PRESS RELEASE 14th OCTOBER 2015
Phil Wilson MP reminds all those at risk of seasonal flu in Durham to get their flu vaccination this winter
Westminster, 14 October 2015 – MPs and Peers were invited today to attend Westminster Flu Day, a flu vaccine clinic held in the House of Commons, to encourage their constituents to get this season’s flu vaccine in line with Government recommendations.
Parliamentarians who would not be eligible for a free seasonal flu vaccine on the NHS made a £10 donation to the Carers Trust. £10 is equivalent to the cost of a private vaccination.
Around 51% of at-risk people and 27% of people over the age of 65 in Durham were not vaccinated against flu last year, even though they were eligible for a free flu vaccine on the NHS. This compares to around 50% nationally of at-risk patients and 27% of people over the age of 65.1
Phil Wilson MP said “Seasonal flu is a highly infectious illness that can lead to serious complications or even death. I would urge everyone who is eligible to receive a free flu vaccine on the NHS to go and get vaccinated.”
Jane Ellison MP, Public Health Minister added: “This is a great opportunity for MPs and Peers to find out who in their communities is eligible for the vaccination and encourage greater take up. MPs can play a really helpful role in raising awareness in their constituencies”.
Each year, flu can put a considerable burden on NHS resources, with numerous GP consultations and hospitalisations. The timing, extent and severity of influenza seasons is unpredictable and intermittent epidemics can cause significant illness and mortality.2
The Department of Health (DH) recommends free flu vaccinations in England for those aged 65 or over; and for people with certain chronic conditions such as chronic respiratory, heart, liver, neurological and kidney disease; diabetes; weakened immune systems; splenic dysfunction; as well as people living in long-stay facilities such as nursing and residential homes; carers of elderly or disabled people; pregnant women; children aged two, three and four; household contacts of immunocompromised individuals; healthcare professionals are also encouraged to have the vaccination.3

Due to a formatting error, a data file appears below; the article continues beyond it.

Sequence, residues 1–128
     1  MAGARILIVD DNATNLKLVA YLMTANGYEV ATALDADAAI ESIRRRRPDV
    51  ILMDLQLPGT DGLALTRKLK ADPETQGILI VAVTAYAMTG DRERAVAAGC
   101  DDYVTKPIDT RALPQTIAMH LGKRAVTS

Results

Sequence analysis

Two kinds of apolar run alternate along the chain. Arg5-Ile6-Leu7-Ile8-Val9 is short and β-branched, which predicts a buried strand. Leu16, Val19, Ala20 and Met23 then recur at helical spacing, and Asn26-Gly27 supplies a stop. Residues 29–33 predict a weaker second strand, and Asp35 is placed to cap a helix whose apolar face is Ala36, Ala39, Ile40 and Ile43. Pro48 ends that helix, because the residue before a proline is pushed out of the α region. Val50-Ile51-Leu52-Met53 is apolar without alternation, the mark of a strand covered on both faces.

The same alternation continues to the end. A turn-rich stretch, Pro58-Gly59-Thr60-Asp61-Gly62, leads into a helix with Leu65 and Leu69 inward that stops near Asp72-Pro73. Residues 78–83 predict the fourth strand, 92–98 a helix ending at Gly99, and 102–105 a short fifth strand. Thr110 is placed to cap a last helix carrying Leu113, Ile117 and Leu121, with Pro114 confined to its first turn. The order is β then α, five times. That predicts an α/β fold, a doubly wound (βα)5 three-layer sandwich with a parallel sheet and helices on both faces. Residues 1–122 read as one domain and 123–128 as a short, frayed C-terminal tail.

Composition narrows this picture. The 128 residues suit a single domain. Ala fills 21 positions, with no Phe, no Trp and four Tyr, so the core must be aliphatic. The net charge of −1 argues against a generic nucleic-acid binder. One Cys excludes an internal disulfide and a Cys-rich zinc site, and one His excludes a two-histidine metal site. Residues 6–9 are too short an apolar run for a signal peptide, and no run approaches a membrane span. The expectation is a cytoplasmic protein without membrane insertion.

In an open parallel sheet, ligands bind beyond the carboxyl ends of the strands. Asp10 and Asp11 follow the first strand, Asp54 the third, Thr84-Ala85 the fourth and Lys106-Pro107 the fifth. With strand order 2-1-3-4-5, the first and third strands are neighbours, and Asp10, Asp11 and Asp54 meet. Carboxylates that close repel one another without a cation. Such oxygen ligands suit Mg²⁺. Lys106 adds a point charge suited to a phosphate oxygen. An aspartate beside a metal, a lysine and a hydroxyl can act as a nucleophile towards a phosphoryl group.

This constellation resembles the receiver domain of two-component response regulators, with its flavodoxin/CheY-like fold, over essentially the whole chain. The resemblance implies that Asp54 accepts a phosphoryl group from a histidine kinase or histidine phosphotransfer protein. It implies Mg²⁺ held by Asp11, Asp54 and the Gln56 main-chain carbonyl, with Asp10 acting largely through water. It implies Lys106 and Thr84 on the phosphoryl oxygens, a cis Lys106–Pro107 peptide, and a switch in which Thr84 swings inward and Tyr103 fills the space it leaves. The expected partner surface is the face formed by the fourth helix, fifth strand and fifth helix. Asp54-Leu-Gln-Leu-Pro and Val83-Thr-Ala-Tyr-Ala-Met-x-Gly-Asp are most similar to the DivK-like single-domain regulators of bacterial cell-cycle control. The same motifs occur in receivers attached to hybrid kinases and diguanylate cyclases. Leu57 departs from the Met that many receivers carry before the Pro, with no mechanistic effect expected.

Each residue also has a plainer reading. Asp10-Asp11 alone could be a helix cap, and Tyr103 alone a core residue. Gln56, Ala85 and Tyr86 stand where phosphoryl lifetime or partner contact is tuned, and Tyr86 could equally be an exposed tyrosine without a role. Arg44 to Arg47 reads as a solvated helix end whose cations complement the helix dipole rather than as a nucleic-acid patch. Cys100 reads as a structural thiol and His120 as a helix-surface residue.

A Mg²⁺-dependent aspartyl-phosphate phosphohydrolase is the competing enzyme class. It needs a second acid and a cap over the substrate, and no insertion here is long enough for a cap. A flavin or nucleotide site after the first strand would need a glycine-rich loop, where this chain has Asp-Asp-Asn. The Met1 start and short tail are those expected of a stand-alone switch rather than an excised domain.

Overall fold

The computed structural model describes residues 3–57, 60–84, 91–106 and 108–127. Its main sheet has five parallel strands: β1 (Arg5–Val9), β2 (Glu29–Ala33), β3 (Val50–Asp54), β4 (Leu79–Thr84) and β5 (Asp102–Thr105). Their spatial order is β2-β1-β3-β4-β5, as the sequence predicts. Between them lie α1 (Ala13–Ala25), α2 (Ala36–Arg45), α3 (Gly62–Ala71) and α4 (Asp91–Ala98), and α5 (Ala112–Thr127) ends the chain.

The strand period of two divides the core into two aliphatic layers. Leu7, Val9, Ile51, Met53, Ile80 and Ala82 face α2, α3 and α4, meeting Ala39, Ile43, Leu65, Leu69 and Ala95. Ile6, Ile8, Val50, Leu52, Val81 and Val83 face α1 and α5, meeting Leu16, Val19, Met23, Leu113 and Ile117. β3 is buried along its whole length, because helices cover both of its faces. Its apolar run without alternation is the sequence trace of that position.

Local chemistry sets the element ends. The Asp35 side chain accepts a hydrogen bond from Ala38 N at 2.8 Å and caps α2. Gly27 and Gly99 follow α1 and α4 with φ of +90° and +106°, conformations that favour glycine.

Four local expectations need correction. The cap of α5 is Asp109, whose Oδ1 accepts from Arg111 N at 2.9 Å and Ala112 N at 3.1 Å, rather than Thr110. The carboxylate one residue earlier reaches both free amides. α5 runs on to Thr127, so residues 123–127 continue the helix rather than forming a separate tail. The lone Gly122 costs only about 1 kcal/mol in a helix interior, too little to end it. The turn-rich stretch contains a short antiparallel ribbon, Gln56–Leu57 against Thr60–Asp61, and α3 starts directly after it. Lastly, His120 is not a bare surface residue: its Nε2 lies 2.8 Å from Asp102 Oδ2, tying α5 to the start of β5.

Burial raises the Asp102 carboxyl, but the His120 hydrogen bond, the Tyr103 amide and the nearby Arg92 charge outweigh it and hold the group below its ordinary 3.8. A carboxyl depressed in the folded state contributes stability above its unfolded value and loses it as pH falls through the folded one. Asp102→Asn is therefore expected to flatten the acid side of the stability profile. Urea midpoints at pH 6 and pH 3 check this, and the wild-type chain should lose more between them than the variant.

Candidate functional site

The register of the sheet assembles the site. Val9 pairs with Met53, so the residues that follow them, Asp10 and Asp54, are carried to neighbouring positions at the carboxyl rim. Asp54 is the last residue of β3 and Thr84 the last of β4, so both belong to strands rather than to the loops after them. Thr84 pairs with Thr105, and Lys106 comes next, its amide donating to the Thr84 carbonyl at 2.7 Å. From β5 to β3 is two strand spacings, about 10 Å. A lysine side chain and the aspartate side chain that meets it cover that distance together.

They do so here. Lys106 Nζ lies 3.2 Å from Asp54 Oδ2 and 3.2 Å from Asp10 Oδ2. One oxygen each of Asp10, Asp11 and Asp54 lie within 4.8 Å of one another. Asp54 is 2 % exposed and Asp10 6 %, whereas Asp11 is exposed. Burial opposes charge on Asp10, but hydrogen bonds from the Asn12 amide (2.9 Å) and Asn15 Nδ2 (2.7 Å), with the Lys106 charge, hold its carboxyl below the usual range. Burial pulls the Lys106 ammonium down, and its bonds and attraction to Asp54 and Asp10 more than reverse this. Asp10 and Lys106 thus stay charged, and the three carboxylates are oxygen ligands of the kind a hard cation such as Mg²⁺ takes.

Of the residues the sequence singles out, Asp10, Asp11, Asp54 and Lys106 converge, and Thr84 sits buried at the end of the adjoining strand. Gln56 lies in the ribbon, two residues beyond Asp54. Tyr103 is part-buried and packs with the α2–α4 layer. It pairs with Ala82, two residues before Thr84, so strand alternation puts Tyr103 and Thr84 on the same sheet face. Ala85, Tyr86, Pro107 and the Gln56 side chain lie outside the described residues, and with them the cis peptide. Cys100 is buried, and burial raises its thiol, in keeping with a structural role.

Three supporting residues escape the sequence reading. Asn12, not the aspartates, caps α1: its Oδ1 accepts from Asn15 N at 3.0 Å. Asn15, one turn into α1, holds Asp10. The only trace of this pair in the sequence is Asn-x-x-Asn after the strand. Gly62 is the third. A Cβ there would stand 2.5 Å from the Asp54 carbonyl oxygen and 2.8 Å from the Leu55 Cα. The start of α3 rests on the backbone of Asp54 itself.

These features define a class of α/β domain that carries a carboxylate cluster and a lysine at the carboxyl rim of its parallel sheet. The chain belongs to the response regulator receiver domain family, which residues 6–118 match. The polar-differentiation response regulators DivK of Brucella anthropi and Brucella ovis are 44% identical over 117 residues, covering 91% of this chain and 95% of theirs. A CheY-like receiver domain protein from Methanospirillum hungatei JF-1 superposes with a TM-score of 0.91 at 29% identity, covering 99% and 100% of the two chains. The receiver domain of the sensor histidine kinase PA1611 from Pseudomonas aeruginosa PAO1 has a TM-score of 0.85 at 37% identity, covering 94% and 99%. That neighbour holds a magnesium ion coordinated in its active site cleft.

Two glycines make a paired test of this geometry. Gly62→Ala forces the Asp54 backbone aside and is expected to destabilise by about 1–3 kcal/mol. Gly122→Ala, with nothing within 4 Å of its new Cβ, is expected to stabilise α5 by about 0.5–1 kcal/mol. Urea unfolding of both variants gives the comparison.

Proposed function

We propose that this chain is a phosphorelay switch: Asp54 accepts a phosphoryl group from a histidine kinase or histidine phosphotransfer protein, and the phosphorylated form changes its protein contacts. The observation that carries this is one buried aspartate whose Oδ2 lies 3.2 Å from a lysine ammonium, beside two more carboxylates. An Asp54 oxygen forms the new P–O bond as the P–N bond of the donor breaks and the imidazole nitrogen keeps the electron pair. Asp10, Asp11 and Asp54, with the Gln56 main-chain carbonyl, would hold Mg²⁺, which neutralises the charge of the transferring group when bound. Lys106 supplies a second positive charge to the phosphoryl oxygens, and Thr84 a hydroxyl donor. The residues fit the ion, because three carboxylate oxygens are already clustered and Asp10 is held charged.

Almost 50% of people with a serious medical condition, 30% of people over the age of 65, 60% of preschool children, 45% of healthcare workers, 55% of carers known to GPs and 55% of pregnant women did not have a flu vaccine last year nationally, despite the fact that the consequences of not having a flu vaccine for these groups of people can be serious.4
Current Flu Vaccination Policy in England
According to the influenza immunisation programme 2015/16, an influenza vaccination should be offered for free to:
1. All those aged 65 and over
2. All those aged over 6 months in the following clinical ‘at-risk’ groups:
Chronic respiratory disease such as severe asthma, chronic obstructive pulmonary disease (COPD) or bronchitis
Chronic heart disease, such as heart failure
Chronic kidney disease at stage three, four or five
Chronic liver disease
Chronic neurological disease such as Parkinson’s Disease, Motor Neurone Disease or learning disability
a weakened immune system due to disease (such as HIV/AIDS) or treatment (such as cancer treatment)
3. Pregnant women
4. Those living in long-stay residential and nursing homes or other long-stay facilities
5. Carers who are in receipt of Carers Allowance or those who are the main carer of an elderly or disabled person whose welfare may be at risk if the carer falls ill.
6. Health and social care workers in the NHS.
7. All children aged 2, 3 and 4.
8. Consideration should also be given to the vaccination of household contacts of immunocompromised individuals
9. The Government has also advised that morbidly obese people (defined as BMI 40+) could also benefit from a flu vaccination.
Flu Jabs For Those At Risk